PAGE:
• Efforts should be made to include diverse populations, e.g. race and ethnicity, in Phase 3 clinical trials to enhance confidence that vaccines are safe and effective for everyone in the indicated populations.
  • It is important to include older adults (e.g., over 55 years of age) including those with co-morbidities in Phase 3 clinical trials. Inclusion of this population will need to be guided by safety and immunogenicity data obtained from healthy younger adults and healthy older individuals who participated in Phase 1 and 2 clinical trials with the respective SARS-CoV-2 vaccine.  Participants acknowledged the relevance of evaluating safety and efficacy of subjects older than 75 years.
  • Participants agreed that it is important for vaccine manufacturers to plan for pediatric assessments of safety and effectiveness for SARS-CoV-2 vaccines, given the epidemiology of COVID-19 in this population, and as safety and effectiveness of SARS-CoV-2 vaccines may be different in children compared with adults. It was acknowledged that initial licensure of SARS-CoV-2 vaccines would likely be in adults.
  • Sponsors should provide their plans for accruing data in pregnancy and consider the following eligibility criteria for Phase 3 clinical trials a) pregnant women and b) women of childbearing potential who are not actively avoiding pregnancy.
  • The decision to include pregnant women in clinical trials is case-by-case and would be based on the totality of data available for the vaccine construct, including available data from developmental and reproductive toxicology studies conducted with the specific vaccine construct or with a different vaccine based on the same platform.  Favorable safety and immunogenicity data in women of childbearing potential derived from early Phase clinical trials are also needed.
  • Phase 3 clinical trials should be randomized, double-blind and controlled either using placebo or active comparator. Other Phase 3 clinical trials should be discussed with the respective NRA.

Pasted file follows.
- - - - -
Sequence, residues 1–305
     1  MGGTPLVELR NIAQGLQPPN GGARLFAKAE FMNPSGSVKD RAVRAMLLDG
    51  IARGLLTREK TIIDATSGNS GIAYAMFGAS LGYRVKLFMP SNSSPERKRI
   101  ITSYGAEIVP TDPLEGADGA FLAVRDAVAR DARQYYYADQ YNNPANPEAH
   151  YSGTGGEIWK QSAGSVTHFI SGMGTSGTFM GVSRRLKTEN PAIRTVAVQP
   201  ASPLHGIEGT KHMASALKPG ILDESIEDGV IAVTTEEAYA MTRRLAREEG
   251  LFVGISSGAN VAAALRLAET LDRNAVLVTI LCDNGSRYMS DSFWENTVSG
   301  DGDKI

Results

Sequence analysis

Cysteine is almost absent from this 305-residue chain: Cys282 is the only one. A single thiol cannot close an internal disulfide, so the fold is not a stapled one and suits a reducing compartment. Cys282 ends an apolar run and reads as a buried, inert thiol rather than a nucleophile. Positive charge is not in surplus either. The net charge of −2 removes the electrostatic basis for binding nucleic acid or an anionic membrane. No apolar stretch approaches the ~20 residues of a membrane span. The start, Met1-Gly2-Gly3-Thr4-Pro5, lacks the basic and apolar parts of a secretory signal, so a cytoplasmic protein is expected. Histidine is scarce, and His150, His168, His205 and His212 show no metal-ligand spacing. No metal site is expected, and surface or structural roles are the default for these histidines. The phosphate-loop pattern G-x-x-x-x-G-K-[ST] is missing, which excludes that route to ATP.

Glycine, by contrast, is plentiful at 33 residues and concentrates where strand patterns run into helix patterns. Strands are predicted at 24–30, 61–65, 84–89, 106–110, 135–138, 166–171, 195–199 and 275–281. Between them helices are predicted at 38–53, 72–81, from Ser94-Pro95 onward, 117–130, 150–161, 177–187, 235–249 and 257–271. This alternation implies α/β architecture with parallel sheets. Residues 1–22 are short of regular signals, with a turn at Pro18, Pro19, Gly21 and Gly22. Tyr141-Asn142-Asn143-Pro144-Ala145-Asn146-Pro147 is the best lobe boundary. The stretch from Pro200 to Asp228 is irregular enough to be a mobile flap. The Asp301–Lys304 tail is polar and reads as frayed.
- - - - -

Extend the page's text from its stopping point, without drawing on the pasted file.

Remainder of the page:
• Phase 3 trials using adaptive design elements should include pre-specified criteria, e.g., for adding or removing vaccine candidates or dosing regimen.
  • Follow-up of study participants for COVID-19 outcomes should be long enough (i.e., 1 year or longer post-vaccination) to evaluate safety, duration of immune response and risk of disease enhancement as antibody titers wane.
  • Endpoints used in Phase 3 clinical trials should preferably be standardized across trials to allow vaccine effectiveness and safety comparison of different SARS-CoV-2 vaccine candidate.
  • The primary endpoint should be laboratory-confirmed COVID-19 of any severity. Other important endpoints include SARS-CoV-2 infection monitored for and confirmed either by virologic methods, or by serologic methods evaluating antibodies to SARS-CoV-2 antigens not included in the vaccine, and severity of disease as measured by hospitalization, mechanical ventilation or death.
  • Participants agreed that stringent success criteria to ensure that SARS-CoV-2 vaccines have adequate efficacy should be specified in initial clinical efficacy trials.  These should include efficacy point estimates that reflect the desired vaccine efficacy and specification of the lower bound of appropriately alpha-adjusted confidence interval around the primary efficacy endpoint point estimate. These should also apply to interim and final efficacy analyses. There was agreement that the studies should be adequately powered to estimate vaccine efficacy as robustly as possible, generally favoring more conservative stances on the success criteria that would rule out licensure of weakly effective vaccines that could do more harm than good. However, a specific numeric value to be used for the lower bound and vaccine efficacy point estimate was not agreed upon at this stage  It was also reflected that efficacy estimates crossing a certain pre-specified lower bound for efficacy, due to factors such as epidemiological evolution of the pandemic, would not preclude the possibility of a positive benefit risk conclusion if there also were other data supportive of efficacy.
  • Phase 3 clinical trials should also include interim analyses to assess risk of enhanced disease and futility.
  • Safety evaluation as part of Phase 3 clinical trials (including solicited local and systemic adverse events, unsolicited adverse events, serious or other medically attended adverse events) as well as the size of the safety data base and follow-up time should be in the same range as for other preventive vaccines. The protocol should include pre-specified criteria for study halt or pause, based on signals of potential vaccine-induced enhanced disease.